Structure, prediction, evolution and genome wide studies of membrane proteins

by Granseth, Erik

Abstract (Summary)
?-helical membrane proteins constitute 20-30% of all proteins in a cell and are involved in many essential cellular functions. The structure is only known for a few hundred of them, which makes structural models important. The most common structural model of a membrane protein is the topology which is a two-dimensional representation of the structure.This thesis is focused on three different aspects of membrane protein structure: improving structural predictions of membrane proteins, improving the level of detail of structural models and the concept of dual topology.It is possible to improve topology models of membrane proteins by including experimental information in computer predictions. This was first performed in Escherichia coli and, by using homology, it was possible to extend the results to 225 prokaryotic organisms. The improved models covered ~80% of the membrane proteins in E. coli and ~30% of other prokaryotic organisms.However, the traditional topology concept is sometimes too simple for complex membrane protein structures, which create a need for more detailed structural models. We created two new machine learning methods, one that predicts more structural features of membrane proteins and one that predicts the distance to the membrane centre for the amino acids. These methods improve the level of detail of the structural models.The final topic of this thesis is dual topology and membrane protein evolution. We have studied a class of membrane proteins that are suggested to insert either way into the membrane, i.e. have a dual topology. These protein families might explain the frequent occurrence of internal symmetry in membrane protein structures.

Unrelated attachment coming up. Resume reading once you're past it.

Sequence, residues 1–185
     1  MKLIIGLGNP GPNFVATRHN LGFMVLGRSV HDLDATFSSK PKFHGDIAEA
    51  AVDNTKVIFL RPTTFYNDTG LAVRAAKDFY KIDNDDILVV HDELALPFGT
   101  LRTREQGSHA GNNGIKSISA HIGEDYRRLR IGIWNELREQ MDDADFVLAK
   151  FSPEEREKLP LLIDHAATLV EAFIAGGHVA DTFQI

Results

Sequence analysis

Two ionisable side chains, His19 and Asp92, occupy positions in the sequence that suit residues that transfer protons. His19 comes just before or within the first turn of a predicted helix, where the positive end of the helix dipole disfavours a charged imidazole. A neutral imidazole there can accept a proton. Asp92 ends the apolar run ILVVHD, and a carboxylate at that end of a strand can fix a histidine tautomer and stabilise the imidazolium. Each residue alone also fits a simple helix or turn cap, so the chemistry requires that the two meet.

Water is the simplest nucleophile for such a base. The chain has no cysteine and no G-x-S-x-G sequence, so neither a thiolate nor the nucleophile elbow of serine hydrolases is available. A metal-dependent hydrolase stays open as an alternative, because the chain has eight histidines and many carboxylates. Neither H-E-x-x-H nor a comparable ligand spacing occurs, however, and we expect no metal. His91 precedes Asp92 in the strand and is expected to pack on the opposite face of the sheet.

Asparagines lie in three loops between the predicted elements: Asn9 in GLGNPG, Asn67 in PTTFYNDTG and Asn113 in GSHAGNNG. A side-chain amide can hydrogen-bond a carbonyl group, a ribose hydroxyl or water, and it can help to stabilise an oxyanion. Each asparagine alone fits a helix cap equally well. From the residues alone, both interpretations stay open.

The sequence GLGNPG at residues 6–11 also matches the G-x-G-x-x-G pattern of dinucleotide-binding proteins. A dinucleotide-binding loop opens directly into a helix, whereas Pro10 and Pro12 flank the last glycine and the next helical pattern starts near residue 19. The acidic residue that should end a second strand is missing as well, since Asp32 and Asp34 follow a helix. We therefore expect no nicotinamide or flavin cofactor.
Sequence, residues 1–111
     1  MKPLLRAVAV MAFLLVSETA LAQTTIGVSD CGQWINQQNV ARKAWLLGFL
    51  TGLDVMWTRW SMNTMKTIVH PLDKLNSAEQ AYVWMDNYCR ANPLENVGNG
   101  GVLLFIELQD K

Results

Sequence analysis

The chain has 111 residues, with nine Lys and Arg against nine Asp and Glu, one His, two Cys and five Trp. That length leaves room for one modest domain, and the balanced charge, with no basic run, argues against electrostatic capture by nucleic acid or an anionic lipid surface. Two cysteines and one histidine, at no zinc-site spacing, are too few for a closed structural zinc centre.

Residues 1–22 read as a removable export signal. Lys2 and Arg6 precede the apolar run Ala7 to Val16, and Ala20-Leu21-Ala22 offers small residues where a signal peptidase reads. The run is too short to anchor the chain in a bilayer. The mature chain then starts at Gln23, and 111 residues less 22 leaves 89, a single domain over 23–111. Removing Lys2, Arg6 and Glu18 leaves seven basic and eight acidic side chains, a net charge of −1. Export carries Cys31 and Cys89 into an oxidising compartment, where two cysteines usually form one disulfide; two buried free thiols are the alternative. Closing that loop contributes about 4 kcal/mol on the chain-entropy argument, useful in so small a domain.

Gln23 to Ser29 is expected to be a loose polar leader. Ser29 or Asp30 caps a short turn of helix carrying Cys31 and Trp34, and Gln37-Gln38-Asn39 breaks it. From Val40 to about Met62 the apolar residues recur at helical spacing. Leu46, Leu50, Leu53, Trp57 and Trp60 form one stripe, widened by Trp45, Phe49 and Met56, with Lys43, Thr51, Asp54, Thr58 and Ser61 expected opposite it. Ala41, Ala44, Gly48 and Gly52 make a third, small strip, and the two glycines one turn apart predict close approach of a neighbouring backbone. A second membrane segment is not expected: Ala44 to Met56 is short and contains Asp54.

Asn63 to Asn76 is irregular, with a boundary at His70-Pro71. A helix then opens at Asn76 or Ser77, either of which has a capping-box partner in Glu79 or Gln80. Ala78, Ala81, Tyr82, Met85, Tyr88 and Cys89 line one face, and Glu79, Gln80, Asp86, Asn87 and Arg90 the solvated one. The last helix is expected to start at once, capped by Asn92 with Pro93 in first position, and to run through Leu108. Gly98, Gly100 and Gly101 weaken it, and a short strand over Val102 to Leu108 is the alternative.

Bibliographical Information:


School:Stockholms universitet

School Location:Sweden

Source Type:Doctoral Dissertation

Keywords:NATURAL SCIENCES; Chemistry; Theoretical chemistry; biokemi; Biochemistry


Date of Publication:01/01/2007

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